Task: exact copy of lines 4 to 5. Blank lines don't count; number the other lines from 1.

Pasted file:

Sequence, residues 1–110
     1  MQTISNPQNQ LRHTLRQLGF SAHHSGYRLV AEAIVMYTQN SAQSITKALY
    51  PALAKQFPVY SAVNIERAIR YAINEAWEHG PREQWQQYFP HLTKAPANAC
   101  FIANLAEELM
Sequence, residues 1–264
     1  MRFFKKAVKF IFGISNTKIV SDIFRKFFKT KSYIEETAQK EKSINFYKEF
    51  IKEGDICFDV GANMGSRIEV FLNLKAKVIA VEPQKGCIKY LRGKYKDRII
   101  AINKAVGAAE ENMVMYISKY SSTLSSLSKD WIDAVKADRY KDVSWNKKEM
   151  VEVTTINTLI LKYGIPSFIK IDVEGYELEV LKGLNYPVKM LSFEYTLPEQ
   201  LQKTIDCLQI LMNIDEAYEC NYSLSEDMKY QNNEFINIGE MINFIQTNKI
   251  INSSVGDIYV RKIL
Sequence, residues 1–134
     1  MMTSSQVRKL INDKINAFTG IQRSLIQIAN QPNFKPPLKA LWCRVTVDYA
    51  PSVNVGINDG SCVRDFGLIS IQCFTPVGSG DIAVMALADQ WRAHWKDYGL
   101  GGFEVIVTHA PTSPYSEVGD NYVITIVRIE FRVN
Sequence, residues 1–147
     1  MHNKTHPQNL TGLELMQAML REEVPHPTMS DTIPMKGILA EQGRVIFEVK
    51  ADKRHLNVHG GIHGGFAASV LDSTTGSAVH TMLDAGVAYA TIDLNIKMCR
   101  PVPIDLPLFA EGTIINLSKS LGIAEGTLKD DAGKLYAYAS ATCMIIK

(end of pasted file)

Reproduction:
   101  FIANLAEELM
Sequence, residues 1–264